By Katie Morrison, Explorebigsky.com Staff Writer
A change in perspective can be refreshing.
Stand on top of a mountain on a clear, bluebird day, and take in the view from every direction. It might seem cliché, but it’s true: Mountains give you new perspective. And besides, they’re one of the main reasons I love it here.
Lone Mountain is the peak I see every morning as I take my dog for a walk. It’s what I see every evening on my drive home from work. When I turn the corner at the Conoco station, it’s there, welcoming me back to Big Sky. You might think it would be easy for me to take this mountain for granted, but instead, it has the opposite effect, pulling me closer each day.
I recently had the fortune of standing atop this beautiful peak, and remembered all over again how different the perspective of looking at the mountain is from being on its summit.
A long time skier and Big Sky resident, I’ve been on top of Lone Mountain many times during the winter. There is the first trip up the tram each season, riding in a car of giddy locals who all race to sign out for the Big Couloir or North Summit Snowfield. There’s the excitement of arriving on top with a handful of friends, preparing to ski down on a two-foot powder day in the middle of March. Even the adventure of following the ropeline down when the top of the peak is veiled in clouds and snow is blowing into my face to find a few untouched turns is a reward.
These interactions with the mountain are all special to me, but the peak in the summer is another experience.
There’s a saying that people move to Big Sky for the winter but stay because of the summer. The day I rode up the tram was perfect: 75 degrees, sunny, with a slight breeze.
My husband and I sat on the Swift Current chair in shorts and tennis shoes, with long-sleeved shirts, water and sunscreen in a backpack. Mountain bikers tore down trails below us, and hikers meandered through the woods. When we unloaded at the mid-mountain station, a truck with safari seating was waiting for our group.
After a short drive, full of its own beautiful scenery, we arrived at the tram station and piled in for the trip to the top. It felt strangely spacious compared to the winter ride I was accustomed to, with everyone having a view looking outward as the guide pointed out the mountains around us.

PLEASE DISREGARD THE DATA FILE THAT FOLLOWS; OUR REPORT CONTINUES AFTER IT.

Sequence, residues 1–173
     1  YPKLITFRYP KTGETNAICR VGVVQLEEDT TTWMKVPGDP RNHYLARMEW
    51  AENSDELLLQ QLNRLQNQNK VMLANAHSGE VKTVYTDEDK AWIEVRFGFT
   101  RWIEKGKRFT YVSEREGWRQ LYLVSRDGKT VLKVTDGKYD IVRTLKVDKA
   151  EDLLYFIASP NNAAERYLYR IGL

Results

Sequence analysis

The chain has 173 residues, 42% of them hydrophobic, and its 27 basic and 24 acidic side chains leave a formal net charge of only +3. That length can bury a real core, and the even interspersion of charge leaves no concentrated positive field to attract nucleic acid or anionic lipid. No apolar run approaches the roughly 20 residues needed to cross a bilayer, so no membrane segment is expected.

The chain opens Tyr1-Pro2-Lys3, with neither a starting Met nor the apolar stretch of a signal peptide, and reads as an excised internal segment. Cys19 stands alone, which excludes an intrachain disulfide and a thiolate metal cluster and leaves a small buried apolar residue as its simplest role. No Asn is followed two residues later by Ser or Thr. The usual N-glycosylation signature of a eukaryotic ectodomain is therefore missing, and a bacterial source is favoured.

The real perspective change came at the top, however.
The world seemed to slow down as I looked at our little town below. From 11,166 feet, you can’t see movement in the valleys, just a quiet landscape of smaller mountains, green meadows and teal mountain lakes colored by glacial sediment.
As the valley stood still, the mountaintop came alive. White butterflies fluttered by me. A ladybug warmed itself on a piece of shale. The cool breeze felt refreshing as it chilled my legs. I picked up a handful of snow, and it melted into my hands.
Every direction I looked was a world unto itself, everywhere, contrasts.
The Tetons were just visible at the edge of the southern horizon, while the Sphinx, almost unrecognizable without its winter coat of snow, felt close enough to touch.
Bright green meadows at the base of Cedar Mountain stood out against the drying yellowish grass in the neighboring Madison Valley. A slight pinkish hue from the fires burning to the Northwest gave the midday sky a sunset-like look.
I became more aware of myself—of my heart beating slowly and my breathing as it deepened. A sense of calm came over me, and I wanted to stay there all day.
I realized that in all of the times I’d been on top of the peak before, I hadn’t really ever taken it all in. I’d been focused instead on my route to the bottom, even if I took a quick look around while waiting for my time slot on the Snowfield or as I skied toward the Yeti Traverse.
When it came time to go back down, I didn’t want to leave. Our group loaded back on the tram and quietly rode back to the lower tram station. As the others went back to the truck bound for the base area, we decided to hike instead. We just weren’t quite ready to join the world below.